A damaged vehicle cannot be sold on the used car market leaving motorists the option to try and hunt down a prospective buyer for parts or get rid of their car at a scrapheap.
Select Car leasing says some cars are scrapped because the latest model could be released and road users cannot wait to sell their current car before replacing it with a new design.
Road users can often earn money from scrapping a vehicle with some firms paying motorists up to £200 to take away their car.
However, data from motoring firm Confused.com has revealed the number of vehicles simply abandoned on roads across the UK has increased.
A 2018 survey revealed 261,724 cars were simpler dumped by road owners in a major increase on the 40,876 left in 2012.
Councils are now believed to spend over £1million each year collecting abandoned vehicles off the side of their roads in a major clean up operation.
GreenFlag says the number of abandoned and scrapped cars is partly down to the increasing number of older cars on the road.
The groups said it could also be down to owners keeping their cars for longer, which means they are often behind repair when they come to sell the vehicles.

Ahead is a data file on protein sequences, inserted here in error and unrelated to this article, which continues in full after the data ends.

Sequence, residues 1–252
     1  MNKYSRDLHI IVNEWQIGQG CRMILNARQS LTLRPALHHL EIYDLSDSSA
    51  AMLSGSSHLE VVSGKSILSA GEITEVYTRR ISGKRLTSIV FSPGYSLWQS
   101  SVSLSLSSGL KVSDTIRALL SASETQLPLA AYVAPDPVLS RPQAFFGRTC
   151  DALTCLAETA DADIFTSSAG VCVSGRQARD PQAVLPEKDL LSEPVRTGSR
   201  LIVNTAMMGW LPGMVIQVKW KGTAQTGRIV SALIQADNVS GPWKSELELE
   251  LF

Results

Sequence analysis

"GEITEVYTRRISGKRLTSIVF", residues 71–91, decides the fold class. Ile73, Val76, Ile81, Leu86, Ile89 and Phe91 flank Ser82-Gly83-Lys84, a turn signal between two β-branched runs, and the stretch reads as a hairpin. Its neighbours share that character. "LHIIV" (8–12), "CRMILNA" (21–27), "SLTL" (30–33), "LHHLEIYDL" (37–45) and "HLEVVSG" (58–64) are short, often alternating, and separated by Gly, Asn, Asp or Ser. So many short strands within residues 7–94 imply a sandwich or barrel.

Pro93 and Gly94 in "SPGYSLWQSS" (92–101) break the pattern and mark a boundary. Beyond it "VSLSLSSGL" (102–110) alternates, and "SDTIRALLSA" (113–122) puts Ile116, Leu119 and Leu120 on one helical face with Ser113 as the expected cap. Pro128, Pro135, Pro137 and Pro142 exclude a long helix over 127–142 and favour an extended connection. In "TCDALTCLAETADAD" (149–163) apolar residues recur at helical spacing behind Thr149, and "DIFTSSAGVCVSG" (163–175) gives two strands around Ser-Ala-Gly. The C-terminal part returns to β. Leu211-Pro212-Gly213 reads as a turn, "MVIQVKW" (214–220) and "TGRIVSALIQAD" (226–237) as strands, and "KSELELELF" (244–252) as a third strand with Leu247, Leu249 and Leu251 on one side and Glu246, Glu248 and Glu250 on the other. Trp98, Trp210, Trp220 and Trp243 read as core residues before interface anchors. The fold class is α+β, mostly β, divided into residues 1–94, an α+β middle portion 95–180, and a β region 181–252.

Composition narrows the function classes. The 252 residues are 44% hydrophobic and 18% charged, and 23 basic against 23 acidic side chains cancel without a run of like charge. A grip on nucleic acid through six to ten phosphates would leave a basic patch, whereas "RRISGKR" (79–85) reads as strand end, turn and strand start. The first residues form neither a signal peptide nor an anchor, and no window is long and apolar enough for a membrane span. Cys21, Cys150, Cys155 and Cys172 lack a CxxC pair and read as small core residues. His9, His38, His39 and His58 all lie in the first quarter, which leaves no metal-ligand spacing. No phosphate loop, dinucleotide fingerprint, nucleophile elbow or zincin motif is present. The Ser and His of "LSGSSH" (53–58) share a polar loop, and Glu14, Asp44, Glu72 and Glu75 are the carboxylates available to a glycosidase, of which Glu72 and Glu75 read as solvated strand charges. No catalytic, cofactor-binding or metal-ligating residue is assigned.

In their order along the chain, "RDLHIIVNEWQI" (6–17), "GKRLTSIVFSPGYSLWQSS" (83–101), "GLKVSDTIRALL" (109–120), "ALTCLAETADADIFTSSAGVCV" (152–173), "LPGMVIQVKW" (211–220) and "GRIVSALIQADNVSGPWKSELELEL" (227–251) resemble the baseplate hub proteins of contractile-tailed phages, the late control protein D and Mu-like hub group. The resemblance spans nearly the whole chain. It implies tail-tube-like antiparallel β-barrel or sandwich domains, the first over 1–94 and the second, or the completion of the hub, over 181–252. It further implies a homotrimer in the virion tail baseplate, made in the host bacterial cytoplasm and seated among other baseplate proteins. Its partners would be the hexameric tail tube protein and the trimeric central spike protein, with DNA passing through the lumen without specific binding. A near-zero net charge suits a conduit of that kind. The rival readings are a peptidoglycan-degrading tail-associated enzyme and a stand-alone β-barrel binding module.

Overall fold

Vehicles must be scrapped at an authorised treatment facility which has to meet certain Environment Agency guidelines.
Motorists will then be sent a Certificate of Destruction as proof their car has been scrapped.
GOV.UK has warned motorists could be fined up to £1,000 if they do not inform the DVLA of a Certificate of Destruction.
This is because they must see proof your car is no longer on the road so you are no longer responsible for it.
Money Advice Service says road users can claim back any full months of remaining car tax when you scrap a vehicle.
You may also be able to claim money back from a car insurance provider or put any extra credit towards a future policy with another vehicle.